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well, i bit the bullet and went paint shopping today. i stopped by a reputable body shop and their price was lower than the dealer but they didn't have it in stock, so i ate the extra $1.50 and bought it from the dealer. i went to put it on, starting with some lower body work so i could get the hang before doing the more visible spots, such as the large key scratch, etc. anyway, the color matches perfectly, but the texture is ****. it's raised and unevenly distributed.

i'm planning on sanding it down with 1200 grit paper and doing it again, but before i reapply, what type of implement would be recommended? they said the brush in the cap is a good tool but i have a feeling a cotton swab is probably a better way to go. any body workers in here that could give me a hand?

i got to doc up my trep so i can submit for trep of the month. :D
 

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A cotton swap would probably leave fibers in the paint. What I would try is buffing the area after applying with the in can deal.
 

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I am having a similar experience with mine. On the one scratch that I have (mostly) fixed, I put the smallest amount of touch up paint on the scratch that would cover the scratch, let it dry for a couple of minutes, then scraped the excess off with my finger nail. Then I polished it with some of the stuff that is supposed to get scratches out which is just expensive polishing compound. That took a couple of trys to get just so, I wiped all off right away with a clean cloth if I didn't like the way it looked. I am still not satisfied with the result though. The scratch is still visible just painted. I would like for it to be filled in so as to be invisible. It seems to me that the paint needs thinning down, probably with toluene. Also a brush with only a couple of hairs would be good. Someone who knows what they are doing HELP US OUT! Please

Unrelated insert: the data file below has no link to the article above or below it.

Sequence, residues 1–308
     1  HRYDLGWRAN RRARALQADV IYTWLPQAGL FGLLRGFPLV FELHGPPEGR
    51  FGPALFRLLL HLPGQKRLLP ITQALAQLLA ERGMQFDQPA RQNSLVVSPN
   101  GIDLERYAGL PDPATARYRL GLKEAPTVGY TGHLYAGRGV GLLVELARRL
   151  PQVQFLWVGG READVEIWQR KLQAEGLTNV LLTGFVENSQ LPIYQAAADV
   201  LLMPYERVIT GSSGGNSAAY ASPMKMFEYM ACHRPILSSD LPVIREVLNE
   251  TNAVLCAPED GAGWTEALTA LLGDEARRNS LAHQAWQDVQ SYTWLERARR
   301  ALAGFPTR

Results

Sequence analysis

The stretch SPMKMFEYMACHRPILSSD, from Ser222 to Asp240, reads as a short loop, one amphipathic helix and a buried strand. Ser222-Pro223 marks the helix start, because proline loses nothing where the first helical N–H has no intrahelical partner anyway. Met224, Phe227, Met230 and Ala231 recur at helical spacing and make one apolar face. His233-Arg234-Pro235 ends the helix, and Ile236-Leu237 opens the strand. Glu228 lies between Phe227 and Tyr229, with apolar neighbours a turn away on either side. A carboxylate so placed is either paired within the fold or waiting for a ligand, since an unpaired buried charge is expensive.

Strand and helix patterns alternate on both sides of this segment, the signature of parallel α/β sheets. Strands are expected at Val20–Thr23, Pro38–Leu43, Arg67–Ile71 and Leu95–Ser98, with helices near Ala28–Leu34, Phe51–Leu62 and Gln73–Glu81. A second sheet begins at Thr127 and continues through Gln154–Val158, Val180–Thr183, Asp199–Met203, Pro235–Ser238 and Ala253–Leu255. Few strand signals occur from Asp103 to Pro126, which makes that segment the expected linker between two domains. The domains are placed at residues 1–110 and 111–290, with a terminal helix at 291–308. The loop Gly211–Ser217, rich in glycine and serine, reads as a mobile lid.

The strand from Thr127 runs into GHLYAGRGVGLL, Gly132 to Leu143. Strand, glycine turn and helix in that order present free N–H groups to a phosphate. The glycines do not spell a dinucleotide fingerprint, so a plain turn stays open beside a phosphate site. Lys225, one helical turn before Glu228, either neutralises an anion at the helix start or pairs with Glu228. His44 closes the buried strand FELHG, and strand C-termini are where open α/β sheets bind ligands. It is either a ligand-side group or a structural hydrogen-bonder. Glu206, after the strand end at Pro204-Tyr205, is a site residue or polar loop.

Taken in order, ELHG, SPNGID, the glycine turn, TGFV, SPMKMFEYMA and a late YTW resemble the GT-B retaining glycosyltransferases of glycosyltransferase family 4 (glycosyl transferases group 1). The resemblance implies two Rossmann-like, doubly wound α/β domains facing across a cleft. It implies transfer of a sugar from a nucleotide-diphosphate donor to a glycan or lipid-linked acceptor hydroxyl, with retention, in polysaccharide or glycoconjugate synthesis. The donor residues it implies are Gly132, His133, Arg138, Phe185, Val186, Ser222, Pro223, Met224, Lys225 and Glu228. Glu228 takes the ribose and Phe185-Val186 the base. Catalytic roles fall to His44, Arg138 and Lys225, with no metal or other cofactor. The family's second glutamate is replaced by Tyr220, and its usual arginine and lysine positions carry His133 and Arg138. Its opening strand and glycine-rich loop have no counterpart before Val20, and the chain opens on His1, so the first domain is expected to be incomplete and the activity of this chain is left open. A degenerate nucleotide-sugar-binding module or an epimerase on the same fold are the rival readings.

I'll post pics of the results in a couple of hours, gota get em off the vid cam
 

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I used to work for a fiberglass factory on the paintline. If the scratch cannot be touched up and then buffed out, I hate to say it, but you are going to find a good man with an air brush gun. Even then the results may not be as satisfactory as you would like. There were countless snowmobile hoods (same fiberglass as the bumper covers) that got touched up, did not work, then air brushed, still not right, and finally sanded and repainted entirely. Of course most of the time oour standards were above what one would be looking for out of his daily driver. (We had to have showroom condition). Sorry if that hurts the pocketbook.
 

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One more thing I found this hope it helps some more:web page
 

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One more thing I found this hope it helps some more:web page
 

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An artists No. 2 paintbrush (very small) is ususally much better than the brush in the bottle. Also a toothpick is a good tool to place a tiny drop onto round chips (such as hood dings). Also be patient, it may take several applications to fully fill some chips -- 1 drop at a time-- let dry-- and repeat...
 

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